A Christmas phone call The joint venture with Mr Snipes came about after Immonen had spent a couple of years making contact with celebrities of his calibre. Snipes was one of the people he approached. “Mr Snipes rang just over a year ago on Christmas Day and said he was interested.” The agreement was signed six months ago. For about a year now, Immonen has been on the phone on a daily basis to Britain and the States, as they are designing the story and

visuals for the game. The main character, Julius Styles, is an international secret agent, who doesn’t necessarily always reach for his gun but uses his wits to his advantage. The game is fast moving, requiring a sharp mind and fast reflexes. According to Immonen, the majority of the game’s content has been created by Lapland Studio’s 12-strong team. Snipes came up with the initial idea and the team went to work creating the game around it. Lapland will feature in the game and other settings include Venice, Italy and North America. The aim is to get a choice of games into production as the agreement with Wesley Snipes covers a number of years. © Lapin Kansa Oy

Norwegian to take flight in Rovaniemi The arrival of budget airline Norwegian has been a source of great excitement at Rovaniemi. The company would not be drawn on advance booking numbers but confirms that they have been very encouraged by the response they have received. Norwegian is serious about its bid to enter the Rovaniemi market. Åsa Larsson, Norwegian’s Head of Communications in Sweden confirms that demand for the services to Rovaniemi and Helsinki has been steady. “We are genuinely looking forward to launching our new routes to these excellent destinations,” she says. Norwegian’s Rovaniemi-Helsinki service will commence in late March and will operate

once daily, seven days a week. Larsson cannot yet be drawn on further possible routes. “We have certainly not ruled out further routes at a later date but it would be premature to discuss the issue at this point. We will start small and see how things go,” she confirms. Larsson is keen to stress that they are serious about the Rovaniemi market as the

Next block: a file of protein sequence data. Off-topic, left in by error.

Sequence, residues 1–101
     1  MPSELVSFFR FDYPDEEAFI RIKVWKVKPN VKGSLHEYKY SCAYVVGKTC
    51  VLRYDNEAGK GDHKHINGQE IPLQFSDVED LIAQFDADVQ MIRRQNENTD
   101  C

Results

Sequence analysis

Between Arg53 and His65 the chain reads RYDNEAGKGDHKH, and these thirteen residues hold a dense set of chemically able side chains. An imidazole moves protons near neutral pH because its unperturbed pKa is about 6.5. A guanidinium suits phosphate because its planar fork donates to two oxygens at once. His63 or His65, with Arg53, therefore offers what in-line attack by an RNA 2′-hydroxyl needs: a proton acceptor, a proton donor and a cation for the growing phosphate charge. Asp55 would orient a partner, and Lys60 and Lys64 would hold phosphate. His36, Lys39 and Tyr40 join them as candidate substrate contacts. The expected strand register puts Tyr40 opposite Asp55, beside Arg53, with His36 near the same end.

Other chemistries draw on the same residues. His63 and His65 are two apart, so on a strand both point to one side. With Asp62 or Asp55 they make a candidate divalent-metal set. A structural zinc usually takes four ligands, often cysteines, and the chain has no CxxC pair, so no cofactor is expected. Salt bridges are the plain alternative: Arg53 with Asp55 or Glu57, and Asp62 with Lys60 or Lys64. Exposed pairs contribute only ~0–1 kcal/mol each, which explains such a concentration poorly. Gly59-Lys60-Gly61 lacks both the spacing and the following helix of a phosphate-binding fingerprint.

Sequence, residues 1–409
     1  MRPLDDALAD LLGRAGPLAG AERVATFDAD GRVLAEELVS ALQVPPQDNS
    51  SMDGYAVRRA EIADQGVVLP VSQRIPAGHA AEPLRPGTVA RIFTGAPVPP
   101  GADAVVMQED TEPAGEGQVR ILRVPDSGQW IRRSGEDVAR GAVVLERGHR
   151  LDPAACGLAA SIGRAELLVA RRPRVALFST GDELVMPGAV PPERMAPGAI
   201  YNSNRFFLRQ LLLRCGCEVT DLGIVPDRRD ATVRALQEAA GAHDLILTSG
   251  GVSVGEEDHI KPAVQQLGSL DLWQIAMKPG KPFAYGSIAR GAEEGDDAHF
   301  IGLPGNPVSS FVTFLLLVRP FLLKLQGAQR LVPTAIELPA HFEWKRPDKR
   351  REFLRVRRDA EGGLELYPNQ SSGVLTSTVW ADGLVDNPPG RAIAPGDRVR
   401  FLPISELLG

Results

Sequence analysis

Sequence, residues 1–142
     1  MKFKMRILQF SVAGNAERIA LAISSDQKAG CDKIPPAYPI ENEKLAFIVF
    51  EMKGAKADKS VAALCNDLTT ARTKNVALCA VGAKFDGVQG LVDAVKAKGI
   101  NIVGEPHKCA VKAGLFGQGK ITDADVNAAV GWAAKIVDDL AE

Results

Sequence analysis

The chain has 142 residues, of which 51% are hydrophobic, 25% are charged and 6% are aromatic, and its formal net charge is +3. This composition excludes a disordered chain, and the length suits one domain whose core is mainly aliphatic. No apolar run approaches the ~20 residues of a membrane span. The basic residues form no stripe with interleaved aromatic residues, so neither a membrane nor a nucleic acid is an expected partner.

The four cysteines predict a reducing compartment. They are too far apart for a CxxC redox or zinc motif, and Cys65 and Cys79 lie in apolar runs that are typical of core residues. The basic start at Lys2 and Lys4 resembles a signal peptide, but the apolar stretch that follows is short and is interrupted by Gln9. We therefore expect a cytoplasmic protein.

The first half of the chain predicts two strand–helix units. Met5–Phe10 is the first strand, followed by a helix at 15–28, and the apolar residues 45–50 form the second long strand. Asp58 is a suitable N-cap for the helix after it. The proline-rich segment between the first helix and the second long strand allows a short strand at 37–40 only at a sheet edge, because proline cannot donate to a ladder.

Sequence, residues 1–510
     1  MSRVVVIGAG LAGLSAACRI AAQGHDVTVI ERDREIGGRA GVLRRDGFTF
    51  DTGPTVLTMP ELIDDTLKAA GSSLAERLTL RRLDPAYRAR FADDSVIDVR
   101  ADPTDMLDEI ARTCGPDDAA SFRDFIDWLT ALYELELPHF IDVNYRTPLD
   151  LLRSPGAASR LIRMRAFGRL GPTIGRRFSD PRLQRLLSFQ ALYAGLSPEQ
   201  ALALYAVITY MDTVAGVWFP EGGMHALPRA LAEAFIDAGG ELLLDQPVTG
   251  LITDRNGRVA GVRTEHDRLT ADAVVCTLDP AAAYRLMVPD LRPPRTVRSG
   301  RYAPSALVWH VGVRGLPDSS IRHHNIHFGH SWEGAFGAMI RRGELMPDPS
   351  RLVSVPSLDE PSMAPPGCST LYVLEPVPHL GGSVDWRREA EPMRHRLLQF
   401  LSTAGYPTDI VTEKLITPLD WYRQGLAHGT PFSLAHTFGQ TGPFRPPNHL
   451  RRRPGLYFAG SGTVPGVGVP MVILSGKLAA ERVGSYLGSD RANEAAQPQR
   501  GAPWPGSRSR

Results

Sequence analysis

city is centrally located and the company is keen to make cheap flights available for the locals. “The city is a real visitor magnet, particularly in winter and our flights will offer Rovaniemi’s residents a great opportunity to travel to Europe much more affordably.” YLE Lappi / Matti Konttinen


ounaSvaara SixtH Form – doorS open to tHe world Ounasvaara sixth form college in Rovaniemi has been blazing the international trail in recent years. The school’s participation in a number of cross-border projects has attracted a regular stream of exchange students from as far a field as Germany, Italy, Japan and the United States and during last year’s autumn half-term, the school’s German and History teachers organised a trip to Berlin, designed to give pupils an introduction to German culture and history and offer them the opportunity to put their language skills to the test. A joint EU-sponsored Comenius project with E Ferm School in Mantua, Italy has ensured that the Rovaniemi youngsters have had ample opportunity for getting to know

this Mediterranean country beyond its pasta, pizza and football. “Last spring, three of our pupils went off to Italy on an exchange programme, while two Italian pupils came to stay with us here in Finland, to learn more about our school system and culture,” says Ari Sirviö, Careers Advisor at the Ounasvaara Sixth Form. The Italian IPM pupils spent a total of three months in Rovaniemi and at the Ounas-

vaara school and lived with local host families for the entire duration of their stay, something Ari Sirviö applauds. “By staying in local families, they were able to get a better feel for Finnish culture and Finnish lifestyle.”

Fc Santa clauS continueS to make waveS in europe poSt-cHriStmaS There are no signs that the whirl of publicity enjoyed by “Santa’s football club”, the Rovaniemi-based FC Santa Claus, is on the wane following the end of the festive season. Indeed, Spain’s largest sporting title MARCA featured a two-page spread on the club in their fifth issue of the year. Each issue of MARCA reaches a readership of three million, making it Spain’s number one daily newspaper. The article covered FC Santa’s history, current activities and investors and re-lived the dramatic twists and turns of last autumn’s 1st Division qualifiers. Furthermore, it touched on snow football and described the City of Rovaniemi and the club’s involvement in the Unicef cities project. Until now, Finnish football has gone virtually unacknowledged by MARCA. Finnish footballers playing for European clubs have